Polycystic brain (cerebrum polycystica vera) associated with ectodermal dysplasia: A new neurocutaneous syndrome
- 64 Downloads
This paper presents a unique case of true polycystic brain in which multiple cysts of curvilinear, round, oval, or layered configuration occurred. These apparently represented extremely dilated Virchow-Robin spaces: the perivascular spaces lined by ependymal/leptomeningeal cells. Irregular retinal pigment epithelium was also evident. In addition, the patient showed ectodermal dysplasia manifesting as thin hair, dystrophic nails, and dental abnormalities. A common ectodermal origin for the brain cysts and the ectodermal changes is proposed, as it is known that the central nervous system (including the ependymal/leptomeningeal cells and the retinal cells), the epidermis (including hair and nails), and the enamel of the teeth have the same origin — the embryonic ectoderm. This association appears to be a new, distinct neurocutaneous syndrome.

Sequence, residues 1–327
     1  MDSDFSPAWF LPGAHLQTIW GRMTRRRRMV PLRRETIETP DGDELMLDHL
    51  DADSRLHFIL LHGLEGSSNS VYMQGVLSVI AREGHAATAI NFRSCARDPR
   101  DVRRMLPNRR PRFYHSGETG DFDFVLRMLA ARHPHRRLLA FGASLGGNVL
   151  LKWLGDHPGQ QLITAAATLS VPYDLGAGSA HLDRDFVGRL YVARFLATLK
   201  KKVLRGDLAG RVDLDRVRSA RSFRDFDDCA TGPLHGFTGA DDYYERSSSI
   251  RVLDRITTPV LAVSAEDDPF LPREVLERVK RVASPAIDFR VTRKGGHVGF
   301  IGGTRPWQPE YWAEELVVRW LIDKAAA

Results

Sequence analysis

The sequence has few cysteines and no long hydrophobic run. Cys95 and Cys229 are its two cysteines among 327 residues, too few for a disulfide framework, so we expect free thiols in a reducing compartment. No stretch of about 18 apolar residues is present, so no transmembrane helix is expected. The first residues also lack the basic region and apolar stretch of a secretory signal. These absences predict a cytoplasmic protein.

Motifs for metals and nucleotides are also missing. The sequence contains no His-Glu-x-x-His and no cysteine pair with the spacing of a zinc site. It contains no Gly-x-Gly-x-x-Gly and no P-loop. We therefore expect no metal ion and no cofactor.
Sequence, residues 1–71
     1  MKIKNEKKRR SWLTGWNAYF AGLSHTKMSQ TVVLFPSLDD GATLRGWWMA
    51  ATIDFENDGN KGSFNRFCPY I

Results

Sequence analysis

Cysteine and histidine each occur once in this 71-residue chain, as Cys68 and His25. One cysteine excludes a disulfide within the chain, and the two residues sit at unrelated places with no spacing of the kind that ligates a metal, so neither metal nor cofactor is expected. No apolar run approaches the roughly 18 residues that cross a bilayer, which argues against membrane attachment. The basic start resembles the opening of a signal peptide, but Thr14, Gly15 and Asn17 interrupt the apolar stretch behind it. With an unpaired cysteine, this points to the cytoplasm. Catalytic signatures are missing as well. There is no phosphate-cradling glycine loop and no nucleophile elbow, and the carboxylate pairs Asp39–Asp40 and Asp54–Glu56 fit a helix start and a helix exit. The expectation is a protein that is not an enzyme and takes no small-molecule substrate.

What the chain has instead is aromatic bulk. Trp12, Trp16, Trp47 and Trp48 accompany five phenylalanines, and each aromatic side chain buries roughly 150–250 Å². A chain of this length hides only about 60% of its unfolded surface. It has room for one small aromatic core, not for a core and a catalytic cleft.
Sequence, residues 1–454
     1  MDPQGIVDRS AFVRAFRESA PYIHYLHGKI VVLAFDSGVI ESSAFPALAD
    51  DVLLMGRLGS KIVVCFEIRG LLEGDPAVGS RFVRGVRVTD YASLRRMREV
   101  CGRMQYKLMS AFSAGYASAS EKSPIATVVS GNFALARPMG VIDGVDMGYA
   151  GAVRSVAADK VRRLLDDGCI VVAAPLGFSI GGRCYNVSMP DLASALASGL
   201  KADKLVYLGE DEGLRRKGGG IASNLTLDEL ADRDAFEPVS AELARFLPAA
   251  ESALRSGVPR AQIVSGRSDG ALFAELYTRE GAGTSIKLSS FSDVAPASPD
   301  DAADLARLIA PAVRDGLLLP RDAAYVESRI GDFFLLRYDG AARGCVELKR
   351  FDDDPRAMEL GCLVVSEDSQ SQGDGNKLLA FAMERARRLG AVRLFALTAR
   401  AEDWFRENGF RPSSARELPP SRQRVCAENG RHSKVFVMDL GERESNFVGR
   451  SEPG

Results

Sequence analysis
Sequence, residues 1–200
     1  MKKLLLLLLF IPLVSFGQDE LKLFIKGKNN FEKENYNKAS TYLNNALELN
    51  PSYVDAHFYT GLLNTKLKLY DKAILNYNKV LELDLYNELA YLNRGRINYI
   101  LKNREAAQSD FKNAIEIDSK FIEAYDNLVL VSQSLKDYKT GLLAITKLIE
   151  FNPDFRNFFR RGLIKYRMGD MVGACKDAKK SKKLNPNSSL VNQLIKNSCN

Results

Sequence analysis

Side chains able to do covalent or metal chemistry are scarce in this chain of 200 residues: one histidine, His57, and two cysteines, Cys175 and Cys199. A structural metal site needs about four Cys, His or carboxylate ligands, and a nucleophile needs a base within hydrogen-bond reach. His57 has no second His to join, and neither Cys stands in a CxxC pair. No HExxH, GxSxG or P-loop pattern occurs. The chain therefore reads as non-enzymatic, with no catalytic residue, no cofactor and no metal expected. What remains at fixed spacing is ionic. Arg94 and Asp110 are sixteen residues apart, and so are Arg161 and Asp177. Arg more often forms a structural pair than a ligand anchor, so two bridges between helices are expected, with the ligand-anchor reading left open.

KeywordsRetinal Pigment Epithelium Retinal Pigment Pigment Epithelium Unique Case Retinal Cell
Unable to display preview. Download preview PDF.
- 1.Atlas SW (1991) Magnetic resonance imaging of the brain and spine. Raven Press, New York, pp 569–573Google Scholar
- 2.Barkovich AJ (1990) Pediatric neuroimaging. Raven Press, New York, pp 61–64Google Scholar
- 3.Wolpert SM, Barnes PD (1992) MRI in pediatric neuroradiology. Mosby Year Book, St Louis, pp 178–179Google Scholar
- 4.Poznanski AK (1984) The hand in radiologic diagnosis, vol 1, 2nd edn. Saunders, Philadelphia, pp 415–416Google Scholar
- 5.Williams PL, Warwick R, Dyson M, Bannister LH (1989) Gray's anatomy. 37th edn. Churchill Livingstone, Edinburgh, pp 136–138Google Scholar
- 6.Barnes PD, Korf BR (1992) Neurocutaneous syndromes. In: Wolpert SM, Barnes PD (eds) MRI in pediatric neuroradiology. Mosby Year Book, St Louis, pp 299–327Google Scholar
- 7.Walsh PC, Gittes RF, Perlmutter AD, Stamey TA (1986) Campbell's urology, vol 2, 5th edn. Saunders, Philadelphia, pp 1767–1774Google Scholar